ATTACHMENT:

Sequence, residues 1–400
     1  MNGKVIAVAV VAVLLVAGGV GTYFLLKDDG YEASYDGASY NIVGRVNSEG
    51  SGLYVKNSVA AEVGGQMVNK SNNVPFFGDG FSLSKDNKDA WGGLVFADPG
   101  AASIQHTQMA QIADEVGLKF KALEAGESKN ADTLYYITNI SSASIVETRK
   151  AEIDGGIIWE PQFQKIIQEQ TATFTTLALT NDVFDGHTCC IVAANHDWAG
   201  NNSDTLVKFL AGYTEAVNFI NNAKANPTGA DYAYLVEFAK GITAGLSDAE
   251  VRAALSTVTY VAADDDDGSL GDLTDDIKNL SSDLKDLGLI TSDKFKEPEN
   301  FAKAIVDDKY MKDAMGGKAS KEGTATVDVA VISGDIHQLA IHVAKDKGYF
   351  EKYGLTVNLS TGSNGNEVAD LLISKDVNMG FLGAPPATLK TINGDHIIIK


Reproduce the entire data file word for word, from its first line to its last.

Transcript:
Sequence, residues 1–400
     1  MNGKVIAVAV VAVLLVAGGV GTYFLLKDDG YEASYDGASY NIVGRVNSEG
    51  SGLYVKNSVA AEVGGQMVNK SNNVPFFGDG FSLSKDNKDA WGGLVFADPG
   101  AASIQHTQMA QIADEVGLKF KALEAGESKN ADTLYYITNI SSASIVETRK
   151  AEIDGGIIWE PQFQKIIQEQ TATFTTLALT NDVFDGHTCC IVAANHDWAG
   201  NNSDTLVKFL AGYTEAVNFI NNAKANPTGA DYAYLVEFAK GITAGLSDAE
   251  VRAALSTVTY VAADDDDGSL GDLTDDIKNL SSDLKDLGLI TSDKFKEPEN
   301  FAKAIVDDKY MKDAMGGKAS KEGTATVDVA VISGDIHQLA IHVAKDKGYF
   351  EKYGLTVNLS TGSNGNEVAD LLISKDVNMG FLGAPPATLK TINGDHIIIK